the new material in context, but no more; most readers will be able

 to refer to the earlier article itself, if need be. Never write on
 the same line as a quotation, except in lists and notes; generally
 leave a wholly blank line between. Do not quote the header or the
 signature, unless it is relevant to do so.
(/quote) See http://www.jsiinc.com/newsgroup_document.htm

RFC 1855
 If you are sending a reply to a message or a posting be sure you
 summarize the original at the top of the message, or include just
 enough text of the original to give a context.  This will make
 sure readers understand when they start to read your response.
 Since NetNews, especially, is proliferated by distributing the
 postings from one host to another, it is possible to see a
 response to a message before seeing the original.  Giving context
 helps everyone.  But do not include the entire original!
Some top-posters also use a sigsep (two hyphens and blank space on a line by itself). That means replying to their top-posted article gives me just his text to work with -- the sigsep and everything under it is gone, truncated by software that knows what a sigsep is for. If I want to use relevant quotes to give context to their comments, to establish context for my comments, I have to open another window with the previous message, and do artful cut-and-paste. Of course, that method then loses the indentation markers, so the context is =still= mucked up until I further format the page. That's a a lot of work that would be entirely unnecessary if the guidelines (RFC 1855) were followed.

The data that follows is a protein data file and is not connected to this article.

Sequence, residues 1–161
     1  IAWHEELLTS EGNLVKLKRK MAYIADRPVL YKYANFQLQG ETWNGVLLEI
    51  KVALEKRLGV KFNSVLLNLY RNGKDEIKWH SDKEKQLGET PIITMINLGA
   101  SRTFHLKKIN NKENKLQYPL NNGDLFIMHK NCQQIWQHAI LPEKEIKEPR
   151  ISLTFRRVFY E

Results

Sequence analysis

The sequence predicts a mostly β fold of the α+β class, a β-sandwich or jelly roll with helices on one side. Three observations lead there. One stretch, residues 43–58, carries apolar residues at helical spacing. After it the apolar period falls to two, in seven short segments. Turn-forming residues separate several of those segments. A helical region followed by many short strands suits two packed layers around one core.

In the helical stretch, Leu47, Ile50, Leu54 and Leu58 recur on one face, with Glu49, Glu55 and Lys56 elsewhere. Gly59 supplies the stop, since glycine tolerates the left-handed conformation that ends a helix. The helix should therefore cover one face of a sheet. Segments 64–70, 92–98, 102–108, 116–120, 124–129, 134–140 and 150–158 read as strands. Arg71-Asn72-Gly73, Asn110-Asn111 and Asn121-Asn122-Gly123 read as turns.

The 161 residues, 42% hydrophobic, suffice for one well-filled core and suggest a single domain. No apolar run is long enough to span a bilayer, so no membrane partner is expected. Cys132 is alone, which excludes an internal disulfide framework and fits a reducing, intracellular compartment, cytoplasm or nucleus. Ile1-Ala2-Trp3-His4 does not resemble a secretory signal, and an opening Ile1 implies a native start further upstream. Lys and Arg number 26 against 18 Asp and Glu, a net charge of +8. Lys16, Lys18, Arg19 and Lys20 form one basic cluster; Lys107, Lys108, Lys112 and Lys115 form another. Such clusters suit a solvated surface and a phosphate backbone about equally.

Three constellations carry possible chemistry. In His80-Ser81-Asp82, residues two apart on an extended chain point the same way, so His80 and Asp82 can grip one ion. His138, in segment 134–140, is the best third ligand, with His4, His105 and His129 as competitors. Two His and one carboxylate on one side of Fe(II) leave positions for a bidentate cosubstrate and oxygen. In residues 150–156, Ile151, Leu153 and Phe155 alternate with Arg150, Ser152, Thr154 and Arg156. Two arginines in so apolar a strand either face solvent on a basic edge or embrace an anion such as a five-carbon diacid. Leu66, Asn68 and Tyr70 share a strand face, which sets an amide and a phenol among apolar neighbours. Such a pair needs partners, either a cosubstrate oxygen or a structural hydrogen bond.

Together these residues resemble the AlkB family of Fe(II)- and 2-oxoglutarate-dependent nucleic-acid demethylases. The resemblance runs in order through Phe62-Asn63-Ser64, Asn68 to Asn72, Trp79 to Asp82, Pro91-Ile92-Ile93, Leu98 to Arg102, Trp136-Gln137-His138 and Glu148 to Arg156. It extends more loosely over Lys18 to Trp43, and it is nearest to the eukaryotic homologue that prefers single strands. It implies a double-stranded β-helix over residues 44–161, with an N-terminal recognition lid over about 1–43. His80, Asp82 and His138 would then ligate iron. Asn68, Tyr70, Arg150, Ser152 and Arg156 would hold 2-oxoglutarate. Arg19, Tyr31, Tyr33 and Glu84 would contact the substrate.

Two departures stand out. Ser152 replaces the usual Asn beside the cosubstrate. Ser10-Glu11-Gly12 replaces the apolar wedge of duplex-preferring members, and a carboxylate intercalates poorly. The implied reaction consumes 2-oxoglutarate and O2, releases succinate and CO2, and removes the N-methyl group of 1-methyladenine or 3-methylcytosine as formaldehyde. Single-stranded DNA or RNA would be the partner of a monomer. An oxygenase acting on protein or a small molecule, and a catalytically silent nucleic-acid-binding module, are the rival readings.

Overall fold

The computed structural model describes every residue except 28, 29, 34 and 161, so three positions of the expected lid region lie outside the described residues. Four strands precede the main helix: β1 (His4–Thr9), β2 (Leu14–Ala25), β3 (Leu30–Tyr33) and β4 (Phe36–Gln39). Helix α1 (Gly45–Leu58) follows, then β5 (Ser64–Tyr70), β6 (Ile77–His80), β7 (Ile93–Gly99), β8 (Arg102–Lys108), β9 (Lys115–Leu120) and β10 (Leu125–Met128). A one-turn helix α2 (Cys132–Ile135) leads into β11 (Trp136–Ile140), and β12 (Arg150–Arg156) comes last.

The object is to communicate with the reader, not just make life easy for the writer. It's the ame idea behind using mark-up and formatting and layout and design to build a web site -- the author does a little work and sufffers a little invonvenince so all the readers can benefit. If you've got something worthwhile to say, it's worth putting some thought into designing the message.

Additional references --

Comments --

Related reading:

Iso: My recent attempt to explain the benefits of topposting (in microsoft.public.netiquette), feel free to refine the arguments.

Could someone please enlighten me as to the reason why replies to posts are supposed to be at the bottom of the previous post, rather than at the top?

With posts containing multiple points and questions, a topposted answer is normally ambigious.

Discussions normally involve refuting, commenting on, agreeing with points a previous poster has made, so a question followed by an answer is a normal top-down thing. Topposting is normally considered as jeopardy posting, since here the answer would come before the question